Learn to distinguish actual facts from guideposts sculpted solely to lead the unthinking to narrow minded visions or self-serving aspirations. Facts enable rational beings to form and support their own opinions and theories.

A case in point are all the unproven assumptions and recommendations being spun from the slayings of eight human beings at three different massage parlors in the Atlanta area. It is a tragic incident, for sure, but no more or less tragic than the killing of 10 people at a grocery store in Boulder, Colo. Yet there are those who insist there’s a difference, that the shootings in Atlanta were inspired by hate, even though there’s no concrete evidence to prove it other than the fact that six of the victims were Asian.

Focus on what is known, that unstable people are getting their hands on weapons and using them against humanity. Creating a statewide 911 computer system that can interpret different languages and requiring police officers to carry cards with certain key words someone might utter in an emergency in a long list of various languages is not going to stop that.

___

The Valdosta Daily News on charities:

They need help.

Usually, they help us. They still want to help us. They are helping us.

But they need help to keep helping us.

Like everything else this past year, charities have been strained to the max by COVID-19.

As we have covered in many news stories, some of the services the community has come to take for granted, that we point to as being a part of the best of us, have faced hard times and hard choices.

And not just the kind of trouble that if they don’t reach a certain goal, they will be able to help fewer people.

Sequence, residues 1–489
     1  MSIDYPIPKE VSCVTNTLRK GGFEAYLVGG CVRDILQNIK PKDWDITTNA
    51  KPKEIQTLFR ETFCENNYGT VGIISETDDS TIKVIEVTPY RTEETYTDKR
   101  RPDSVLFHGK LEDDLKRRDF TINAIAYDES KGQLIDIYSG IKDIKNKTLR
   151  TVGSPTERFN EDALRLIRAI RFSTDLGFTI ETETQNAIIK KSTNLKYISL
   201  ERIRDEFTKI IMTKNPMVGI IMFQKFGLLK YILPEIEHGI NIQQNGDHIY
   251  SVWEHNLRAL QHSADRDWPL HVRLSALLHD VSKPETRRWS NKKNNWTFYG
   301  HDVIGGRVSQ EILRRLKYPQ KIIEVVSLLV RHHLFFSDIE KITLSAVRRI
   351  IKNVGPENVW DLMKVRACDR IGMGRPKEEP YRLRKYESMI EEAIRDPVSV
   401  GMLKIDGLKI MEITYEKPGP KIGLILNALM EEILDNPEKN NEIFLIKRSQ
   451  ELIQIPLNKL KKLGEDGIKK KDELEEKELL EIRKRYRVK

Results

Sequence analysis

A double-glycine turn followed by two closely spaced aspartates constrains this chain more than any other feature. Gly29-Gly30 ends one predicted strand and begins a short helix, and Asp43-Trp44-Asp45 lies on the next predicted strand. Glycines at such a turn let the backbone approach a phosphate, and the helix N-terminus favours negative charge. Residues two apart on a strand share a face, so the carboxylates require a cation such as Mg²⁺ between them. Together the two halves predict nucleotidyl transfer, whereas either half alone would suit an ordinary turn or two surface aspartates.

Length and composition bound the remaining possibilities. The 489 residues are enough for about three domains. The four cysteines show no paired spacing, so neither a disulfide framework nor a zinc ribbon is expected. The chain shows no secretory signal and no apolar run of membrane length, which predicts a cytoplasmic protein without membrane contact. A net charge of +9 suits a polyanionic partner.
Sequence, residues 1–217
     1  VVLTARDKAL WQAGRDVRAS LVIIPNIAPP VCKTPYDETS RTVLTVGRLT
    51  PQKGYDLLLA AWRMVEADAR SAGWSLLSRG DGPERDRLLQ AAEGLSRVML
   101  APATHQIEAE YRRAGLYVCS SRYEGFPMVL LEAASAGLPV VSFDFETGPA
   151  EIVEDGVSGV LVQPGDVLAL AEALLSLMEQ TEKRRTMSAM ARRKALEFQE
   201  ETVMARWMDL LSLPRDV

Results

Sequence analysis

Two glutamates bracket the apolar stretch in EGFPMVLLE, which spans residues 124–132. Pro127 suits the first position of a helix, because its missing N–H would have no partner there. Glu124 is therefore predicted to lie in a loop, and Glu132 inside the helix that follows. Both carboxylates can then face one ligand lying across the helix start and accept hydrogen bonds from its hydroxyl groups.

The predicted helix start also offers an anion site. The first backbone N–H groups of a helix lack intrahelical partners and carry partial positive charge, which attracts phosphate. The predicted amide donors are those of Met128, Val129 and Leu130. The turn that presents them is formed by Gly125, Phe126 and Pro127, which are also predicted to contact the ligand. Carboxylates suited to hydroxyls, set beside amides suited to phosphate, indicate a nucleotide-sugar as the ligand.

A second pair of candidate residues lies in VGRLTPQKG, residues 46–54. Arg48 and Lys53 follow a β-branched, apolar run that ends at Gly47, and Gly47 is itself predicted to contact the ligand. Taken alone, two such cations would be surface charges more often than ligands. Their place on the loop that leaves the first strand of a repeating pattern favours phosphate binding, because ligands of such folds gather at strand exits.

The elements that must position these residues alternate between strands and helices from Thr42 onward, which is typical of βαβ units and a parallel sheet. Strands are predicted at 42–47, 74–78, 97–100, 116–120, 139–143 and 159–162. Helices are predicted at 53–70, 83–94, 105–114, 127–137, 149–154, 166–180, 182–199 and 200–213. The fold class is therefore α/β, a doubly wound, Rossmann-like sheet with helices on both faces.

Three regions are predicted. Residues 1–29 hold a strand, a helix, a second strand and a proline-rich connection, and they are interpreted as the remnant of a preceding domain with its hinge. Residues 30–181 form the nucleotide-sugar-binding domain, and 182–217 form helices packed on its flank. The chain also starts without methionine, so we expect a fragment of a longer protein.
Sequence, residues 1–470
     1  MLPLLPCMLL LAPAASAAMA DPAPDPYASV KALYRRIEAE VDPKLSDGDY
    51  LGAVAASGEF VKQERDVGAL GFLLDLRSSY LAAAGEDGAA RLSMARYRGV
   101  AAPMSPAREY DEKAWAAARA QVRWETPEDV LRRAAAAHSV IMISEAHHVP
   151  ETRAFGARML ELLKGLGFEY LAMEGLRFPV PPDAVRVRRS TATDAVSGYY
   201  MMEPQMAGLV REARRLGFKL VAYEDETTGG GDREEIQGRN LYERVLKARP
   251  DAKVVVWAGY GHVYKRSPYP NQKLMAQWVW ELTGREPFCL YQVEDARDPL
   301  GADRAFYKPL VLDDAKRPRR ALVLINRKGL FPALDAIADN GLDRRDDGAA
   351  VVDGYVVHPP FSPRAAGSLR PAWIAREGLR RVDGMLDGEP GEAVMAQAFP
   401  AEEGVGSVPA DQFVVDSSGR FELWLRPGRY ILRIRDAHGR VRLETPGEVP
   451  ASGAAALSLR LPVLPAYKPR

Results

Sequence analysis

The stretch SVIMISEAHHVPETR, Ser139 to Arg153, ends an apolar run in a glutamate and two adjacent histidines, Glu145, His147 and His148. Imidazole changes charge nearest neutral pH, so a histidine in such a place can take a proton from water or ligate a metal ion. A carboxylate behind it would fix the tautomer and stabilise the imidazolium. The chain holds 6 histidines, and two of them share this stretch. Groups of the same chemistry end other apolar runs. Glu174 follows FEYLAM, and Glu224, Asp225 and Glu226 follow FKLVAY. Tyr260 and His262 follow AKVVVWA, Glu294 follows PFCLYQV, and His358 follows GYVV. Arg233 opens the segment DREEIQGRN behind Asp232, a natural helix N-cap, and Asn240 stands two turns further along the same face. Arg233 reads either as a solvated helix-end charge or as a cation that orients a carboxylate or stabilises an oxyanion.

No. Some charitable organizations face the type of trouble that if they don’t get some help, more help, soon, they may close.

And if those organizations close, the people they help will face greater hardships in their day-to-day lives.

Valdosta has always been known for its generosity.

From donating more food than even Atlanta in past food drives to raising tens of thousands of dollars within weeks to send World War II veterans to visit their monument in Washington, D.C., to donating tens of thousands of dollars annually to ensure no child goes without a Christmas toy through the Empty Stocking Fund, the people of Valdosta have come through for others.

It is time to step up to the plate again.

We understand that not everyone can give, even in the best of times.

But for the people who can give, we urge you to give now to a favorite charity or to an organization facing a great need.

Some charities face shortages in funds, supplies and volunteers.

But no shortage in the number of people needing them.

Yet, due to shortfalls of funds, supplies and volunteers, some organizations can help fewer people than they would during a “normal” year, let alone the increased volume of people in need because of the pandemic.

So, give.

If you have a little or a lot, give what you can: a can of food or a palette of food; a dollar or a check for a thousand dollars; a helping hand or a day of volunteering.

Give what you can afford.

Give to help organizations that are helping strangers, neighbors, friends and perhaps family.

Give now if you are able. Because as this year has demonstrated, we never know what may happen. We never know when we may be in need.

Giving to a worthy cause today, when you can, may ensure it’s there tomorrow, if you or a loved one needs it.